Buggy firmware opens a number of D-Link VPN router models to zero-day attacks. The flaws, which lack a complete vendor fix, allow adversaries to launch root command injection attacks that can be executed remotely and allow for device takeover.
Impacted are D-Link router models DSR-150, DSR-250, DSR-500 and DSR-1000AC VPN running firmware version 3.14 and 3.17, according to a report published Tuesday by Digital Defense. The attacks are dependent on three chained bugs identified by researchers as an unauthenticated remote LAN/WAN root command injection flaw, authenticated root command injection vulnerability and an authenticated crontab injection.
The flaws (CVE-2020-25757, CVE-2020-25759, CVE-2020-25758) were confirmed by D-Link. However, the company says beta firmware patches and hot-patch mitigations available for its DSR-150, DSR-250 and DSR-500 models significantly reduce the ability for an adversary to target a vulnerable router.
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“The two vulnerabilities were confirmed, and patches are under development. One of the reported vulnerabilities is how the device functionally works, and D-Link will not correct it on this generation of products,” D-Link wrote in response to the research.
Some of the impacted router models were first introduced in 2012 and appear to lack the same type of patching cadence as more modern D-Link router models. For example, D-Link’s DSR-150, was released over seven-years ago.
Absent from the D-Link support page is information or fixes for more recent router models DSR-500 and DSR-1000AC VPN. Both were identified by Digital Defense as vulnerable to remotely exploitable root command injection flaws.
Work-from-Home Reality Increase Router Risks
The routers are common home networking devices sold at numerous retail outlets, which means that people working remotely due to the COVID-19 pandemic likely are exposing not only their own environments but also corporate networks to risk, Digital Defense researchers noted.
The key vulnerability can be exploited over the internet without authentication using both WAN and LAN interfaces, giving a a remote, unauthenticated attacker with access to the router’s web interface the ability to execute arbitrary commands as root, “effectively gaining complete control of the router,” according to the Digital Defense report.
“With this access, an attacker could intercept and/or modify traffic, cause denial of service conditions and launch further attacks on other assets,” researchers said, adding that D-Link routers can connect up to 15 other devices simultaneously.
D-Link Offers Technical Insights
D-Link provided some technical detail about the bug in its report, noting that “the following Lua CGI actions, which are accessible without authentication, execute a Lua library function which passes user-supplied data to a call to os.popen() as part of a command intended to calculate a hash: /platform.cgi?action=duaAuth, /platform.cgi?action=duaLogout.”
In addition to the unauthenticated command injection vulnerability, Digital Defense also reported two others to D-Link that can be exploited by attackers to take control of the routers, the company said.
The second flaw is similar to the firm but requires an authenticated user with access to the “Unified Services Router” web interface to inject arbitrary commands that will be executed with root privileges, according to D-Link.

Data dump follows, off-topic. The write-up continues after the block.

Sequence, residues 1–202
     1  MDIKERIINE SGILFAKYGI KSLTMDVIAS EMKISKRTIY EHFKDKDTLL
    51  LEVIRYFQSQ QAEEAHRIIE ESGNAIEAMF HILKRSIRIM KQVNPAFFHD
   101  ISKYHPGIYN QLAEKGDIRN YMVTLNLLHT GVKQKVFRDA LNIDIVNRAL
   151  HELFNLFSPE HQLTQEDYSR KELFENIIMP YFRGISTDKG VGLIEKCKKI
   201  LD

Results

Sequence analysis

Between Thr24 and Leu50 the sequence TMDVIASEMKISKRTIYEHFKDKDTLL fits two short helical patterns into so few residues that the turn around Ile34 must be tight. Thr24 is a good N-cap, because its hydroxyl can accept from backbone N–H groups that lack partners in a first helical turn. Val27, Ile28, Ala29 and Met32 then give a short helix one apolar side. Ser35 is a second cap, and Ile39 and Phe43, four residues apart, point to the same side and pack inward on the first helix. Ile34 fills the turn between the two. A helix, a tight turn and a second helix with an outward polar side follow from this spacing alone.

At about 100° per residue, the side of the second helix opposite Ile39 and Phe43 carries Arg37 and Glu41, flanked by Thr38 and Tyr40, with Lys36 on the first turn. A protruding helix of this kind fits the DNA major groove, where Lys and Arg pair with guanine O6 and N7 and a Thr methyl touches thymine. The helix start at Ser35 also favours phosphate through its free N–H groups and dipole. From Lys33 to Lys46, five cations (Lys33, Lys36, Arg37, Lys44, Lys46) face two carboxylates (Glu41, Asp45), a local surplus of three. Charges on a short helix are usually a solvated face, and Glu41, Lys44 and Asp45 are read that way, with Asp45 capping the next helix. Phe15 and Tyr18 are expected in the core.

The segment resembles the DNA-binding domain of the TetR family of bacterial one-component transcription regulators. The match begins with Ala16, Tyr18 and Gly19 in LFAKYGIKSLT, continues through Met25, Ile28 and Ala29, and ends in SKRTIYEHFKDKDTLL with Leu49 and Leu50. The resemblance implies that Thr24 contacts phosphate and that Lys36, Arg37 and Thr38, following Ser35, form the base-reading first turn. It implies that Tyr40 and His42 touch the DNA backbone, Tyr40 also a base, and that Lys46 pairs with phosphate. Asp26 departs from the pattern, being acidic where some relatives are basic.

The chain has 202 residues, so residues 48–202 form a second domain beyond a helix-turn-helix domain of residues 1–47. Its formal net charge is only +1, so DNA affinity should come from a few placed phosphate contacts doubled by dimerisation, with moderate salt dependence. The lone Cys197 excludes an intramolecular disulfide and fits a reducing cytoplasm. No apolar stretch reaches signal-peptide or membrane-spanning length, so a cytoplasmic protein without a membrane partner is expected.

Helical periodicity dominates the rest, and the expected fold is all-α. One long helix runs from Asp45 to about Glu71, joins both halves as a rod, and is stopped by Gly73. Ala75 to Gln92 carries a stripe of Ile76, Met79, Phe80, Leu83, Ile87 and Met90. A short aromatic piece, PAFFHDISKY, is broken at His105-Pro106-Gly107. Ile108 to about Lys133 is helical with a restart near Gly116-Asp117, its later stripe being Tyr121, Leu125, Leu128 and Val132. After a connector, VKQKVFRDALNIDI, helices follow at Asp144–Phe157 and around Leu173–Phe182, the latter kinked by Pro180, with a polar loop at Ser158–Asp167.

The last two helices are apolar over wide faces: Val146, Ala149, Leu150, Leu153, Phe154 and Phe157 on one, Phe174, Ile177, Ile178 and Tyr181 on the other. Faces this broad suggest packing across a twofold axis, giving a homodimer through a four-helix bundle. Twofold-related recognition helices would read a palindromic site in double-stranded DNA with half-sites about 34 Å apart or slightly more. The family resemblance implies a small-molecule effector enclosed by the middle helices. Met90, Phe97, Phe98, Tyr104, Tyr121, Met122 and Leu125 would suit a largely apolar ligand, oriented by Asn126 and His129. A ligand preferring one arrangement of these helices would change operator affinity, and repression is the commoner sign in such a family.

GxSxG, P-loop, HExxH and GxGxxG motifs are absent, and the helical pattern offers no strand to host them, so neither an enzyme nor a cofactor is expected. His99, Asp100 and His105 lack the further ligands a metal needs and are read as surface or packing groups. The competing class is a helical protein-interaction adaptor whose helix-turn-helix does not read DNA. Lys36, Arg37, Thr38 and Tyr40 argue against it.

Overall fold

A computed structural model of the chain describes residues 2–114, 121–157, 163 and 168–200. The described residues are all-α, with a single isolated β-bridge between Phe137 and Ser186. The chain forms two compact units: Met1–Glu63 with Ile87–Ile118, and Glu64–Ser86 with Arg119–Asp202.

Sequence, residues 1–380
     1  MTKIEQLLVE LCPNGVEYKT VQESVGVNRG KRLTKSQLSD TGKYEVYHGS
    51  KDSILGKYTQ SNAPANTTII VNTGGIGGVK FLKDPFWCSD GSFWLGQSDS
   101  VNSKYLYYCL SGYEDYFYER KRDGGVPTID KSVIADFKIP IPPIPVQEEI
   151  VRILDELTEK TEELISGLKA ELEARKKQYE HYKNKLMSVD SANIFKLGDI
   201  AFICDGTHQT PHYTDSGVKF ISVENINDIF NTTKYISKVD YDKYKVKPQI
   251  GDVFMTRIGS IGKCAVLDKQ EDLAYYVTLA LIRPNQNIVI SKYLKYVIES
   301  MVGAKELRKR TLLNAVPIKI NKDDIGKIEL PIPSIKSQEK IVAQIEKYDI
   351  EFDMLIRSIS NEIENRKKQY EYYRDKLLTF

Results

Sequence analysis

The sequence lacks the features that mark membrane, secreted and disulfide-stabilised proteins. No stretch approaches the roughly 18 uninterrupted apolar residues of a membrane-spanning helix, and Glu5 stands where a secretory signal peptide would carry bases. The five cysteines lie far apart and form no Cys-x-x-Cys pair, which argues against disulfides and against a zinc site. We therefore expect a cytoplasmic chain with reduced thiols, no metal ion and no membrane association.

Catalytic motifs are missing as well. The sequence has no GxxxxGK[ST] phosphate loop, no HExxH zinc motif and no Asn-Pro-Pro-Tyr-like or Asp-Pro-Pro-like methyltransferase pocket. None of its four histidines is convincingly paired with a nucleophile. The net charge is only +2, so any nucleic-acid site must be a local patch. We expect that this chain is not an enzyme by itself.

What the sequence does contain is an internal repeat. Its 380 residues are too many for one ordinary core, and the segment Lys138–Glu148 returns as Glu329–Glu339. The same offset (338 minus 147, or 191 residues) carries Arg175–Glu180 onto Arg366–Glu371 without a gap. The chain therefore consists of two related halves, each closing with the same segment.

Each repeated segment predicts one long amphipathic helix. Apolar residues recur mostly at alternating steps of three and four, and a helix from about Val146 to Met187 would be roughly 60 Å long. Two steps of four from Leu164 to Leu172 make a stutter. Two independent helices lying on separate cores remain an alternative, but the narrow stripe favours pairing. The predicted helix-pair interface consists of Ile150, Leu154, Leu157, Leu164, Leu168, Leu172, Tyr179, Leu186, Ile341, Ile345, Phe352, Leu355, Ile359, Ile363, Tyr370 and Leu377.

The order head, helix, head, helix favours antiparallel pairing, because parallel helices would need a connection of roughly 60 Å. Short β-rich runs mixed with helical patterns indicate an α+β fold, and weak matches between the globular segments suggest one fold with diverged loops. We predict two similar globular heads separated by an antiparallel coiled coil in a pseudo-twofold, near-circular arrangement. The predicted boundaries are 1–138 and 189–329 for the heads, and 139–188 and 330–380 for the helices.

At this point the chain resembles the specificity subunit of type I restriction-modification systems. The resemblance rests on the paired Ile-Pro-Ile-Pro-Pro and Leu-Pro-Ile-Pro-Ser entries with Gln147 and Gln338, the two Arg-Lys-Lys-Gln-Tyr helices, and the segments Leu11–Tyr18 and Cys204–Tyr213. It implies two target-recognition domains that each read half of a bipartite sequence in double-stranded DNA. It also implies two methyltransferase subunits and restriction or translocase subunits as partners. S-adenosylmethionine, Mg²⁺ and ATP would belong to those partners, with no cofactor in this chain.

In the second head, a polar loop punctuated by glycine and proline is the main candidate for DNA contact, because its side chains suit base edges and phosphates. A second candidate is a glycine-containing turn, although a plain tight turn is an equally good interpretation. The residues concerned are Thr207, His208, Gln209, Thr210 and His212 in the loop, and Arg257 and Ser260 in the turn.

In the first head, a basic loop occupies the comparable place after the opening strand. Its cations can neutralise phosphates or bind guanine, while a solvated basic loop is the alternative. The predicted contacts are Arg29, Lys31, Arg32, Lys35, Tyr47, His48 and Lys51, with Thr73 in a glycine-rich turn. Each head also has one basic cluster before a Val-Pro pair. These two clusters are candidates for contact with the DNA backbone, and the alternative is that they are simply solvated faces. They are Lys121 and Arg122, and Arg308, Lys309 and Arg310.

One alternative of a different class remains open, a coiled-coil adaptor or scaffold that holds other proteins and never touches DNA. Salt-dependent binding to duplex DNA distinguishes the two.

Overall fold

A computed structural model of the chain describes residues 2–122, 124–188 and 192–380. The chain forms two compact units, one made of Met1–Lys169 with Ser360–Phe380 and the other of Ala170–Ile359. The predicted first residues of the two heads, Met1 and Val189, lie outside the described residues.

“The Lua CGI, which handles requests from the ‘Package Management’ form in the ‘Unified Services Router’ web interface, has no server-side filtering for the multi-part POST parameters payload, which are passed to os. execute () functions intended to move the uploaded file to another directory,” according to D-Link.
The third issue is an authentication crontab injection vulnerability that allows authenticated users with access to the “Unified Services Router” web interface, either on LAN or WAN, to inject arbitrary CRON entries, according to D-Link. These will be executed as root by modifying a downloaded router configuration file, updating the CRC, and reuploading the resulting crafted configuration file, the company said.
“The configuration file’s mechanism is authenticated upon upload is trivially bypassed by a malicious user creating a crafted configuration file that adds new cron entries to execute arbitrary commands as root,” according to D-Link.
Beta Patches and Partial Fixes
Final patches for the first two flaws are currently under development and will be released by mid-December, according to D-Link.
“D-Link has made a patch in the form of a hotfix for the affected firmware versions and models. Reference the information provided in D-Link’s support announcement. The official firmware release is anticipated in mid-December. Users are advised to verify their hardware model and firmware to identify vulnerable devices and apply provided hotfix and any other updates until the official firmware is available,” Digital Defense wrote.
Home networks and the devices that run them have risen among security concerns since March when COVID-19 pandemic restrictions first forced those who could to work from home, a situation for which many organizations were largely unprepared. As the pandemic persists, so also do those concerns with the safety of corporate networks when connected to home networks, which are inherently less secure and present a host of new threats.
Indeed, a report released earlier this year found that most home routers contain a number of known vulnerabilities—sometimes hundreds of them—that remained largely unpatched, meaning that many of those currently working from home are likely at risk.
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